The Vocabularist: How target once meant shield
Boris Johnson was last week described as the “top target” for Brexit campaigners to front their campaign. But what are the roots of the word target?
Measures are said to target cancer cells or domestic abuse, while overseas aid can be targeted at those who most deserve it. Reaching a target means success in military and business terms, but setting targets in fields such as health or education invites controversy. Where does the word come from?
Targe meaning a little round shield seems to have come from a Teutonic word for a rim, like the German zarge meaning frame. There is also a Spanish word adarga for a shield, reflecting the Arabic al-daraqa.
The Oxford English Dictionary believes targe, of which target is a diminutive, came into English twice, the first time via Scandinavia, the second from French.
This might explain the puzzle of the pronunciation. The rule is complicated – think of nugget and forget – but still we might expect the g to be soft in target, as it is in large (and targe).
Certainly there were two forms of the word – target and targat. In the mid-16th Century the king”s “sword, his target and his helm” were reportedly carried in a procession. At the same time Roger Ascham was writing of Roman soldiers covering themselves “with theyre shyldes and targattes”.
Our word seems to have inherited the spelling of one form and the pronunciation of the other.
The recorded use of target as something to aim at came quite late. Older words for the same thing are butts (15th Century) and mark (13th Century).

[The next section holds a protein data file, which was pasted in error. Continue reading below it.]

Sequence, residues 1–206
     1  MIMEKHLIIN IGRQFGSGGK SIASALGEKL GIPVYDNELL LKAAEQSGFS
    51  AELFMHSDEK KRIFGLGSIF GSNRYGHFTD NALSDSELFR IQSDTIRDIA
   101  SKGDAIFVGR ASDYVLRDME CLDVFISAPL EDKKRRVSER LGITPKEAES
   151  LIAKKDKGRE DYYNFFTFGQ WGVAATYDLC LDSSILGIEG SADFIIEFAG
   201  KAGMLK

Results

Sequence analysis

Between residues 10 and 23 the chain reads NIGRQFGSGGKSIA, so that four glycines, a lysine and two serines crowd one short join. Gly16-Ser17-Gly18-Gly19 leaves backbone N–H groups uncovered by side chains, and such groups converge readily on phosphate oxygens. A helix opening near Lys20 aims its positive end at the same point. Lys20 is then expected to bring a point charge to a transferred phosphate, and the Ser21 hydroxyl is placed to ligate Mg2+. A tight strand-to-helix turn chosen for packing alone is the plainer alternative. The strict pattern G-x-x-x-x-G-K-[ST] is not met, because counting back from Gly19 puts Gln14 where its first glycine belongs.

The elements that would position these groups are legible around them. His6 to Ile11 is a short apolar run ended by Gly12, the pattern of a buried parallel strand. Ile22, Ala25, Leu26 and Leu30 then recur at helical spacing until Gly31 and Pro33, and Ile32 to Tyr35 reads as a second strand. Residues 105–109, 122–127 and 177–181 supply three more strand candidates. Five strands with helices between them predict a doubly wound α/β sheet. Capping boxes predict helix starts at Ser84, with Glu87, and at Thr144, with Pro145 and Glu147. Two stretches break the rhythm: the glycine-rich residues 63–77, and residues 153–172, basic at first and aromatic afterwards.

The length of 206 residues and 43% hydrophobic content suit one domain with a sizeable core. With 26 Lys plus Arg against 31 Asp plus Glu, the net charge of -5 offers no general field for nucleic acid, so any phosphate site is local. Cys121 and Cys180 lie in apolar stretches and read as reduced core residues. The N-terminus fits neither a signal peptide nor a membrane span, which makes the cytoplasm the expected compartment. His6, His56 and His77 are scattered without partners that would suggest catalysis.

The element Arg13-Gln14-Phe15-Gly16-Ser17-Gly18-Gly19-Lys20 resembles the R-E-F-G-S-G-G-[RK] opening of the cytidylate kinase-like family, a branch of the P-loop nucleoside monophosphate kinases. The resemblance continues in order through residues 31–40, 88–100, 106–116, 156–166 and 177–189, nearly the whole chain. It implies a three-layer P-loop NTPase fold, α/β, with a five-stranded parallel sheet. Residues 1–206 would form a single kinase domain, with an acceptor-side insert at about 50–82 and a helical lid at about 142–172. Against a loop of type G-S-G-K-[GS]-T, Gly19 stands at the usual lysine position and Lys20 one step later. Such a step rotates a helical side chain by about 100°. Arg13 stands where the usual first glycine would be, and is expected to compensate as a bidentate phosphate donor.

A paper called the True Patriot in February 1746 proposed rewards for the soldier in each company “who shoots best at a target.”
Its general use as an intended victim appeared soon after. In a satirical poem of 1757 the hymn-writer Edward Perronet calls an opponent “the target of the Muse” (ie of writers).
A note explained that the word was “used in the military sense, and signifies a But or mark to be shot at” suggesting that this sense was still not very well known.
Later, target became used for an objective or aspiration. During World War Two, with its fundraising drives and production speed-ups, the concept of target-setting became very common.
In 1942 the Times reported that Coventry was “set a target” of raising £1,250,000 for a new cruiser. The following year the salvage authorities “set themselves a target” of rescuing 50 million books from bomb-damaged buildings.
Because target originally meant shield, the verb “to target” could mean protect, the opposite of what it often means today.
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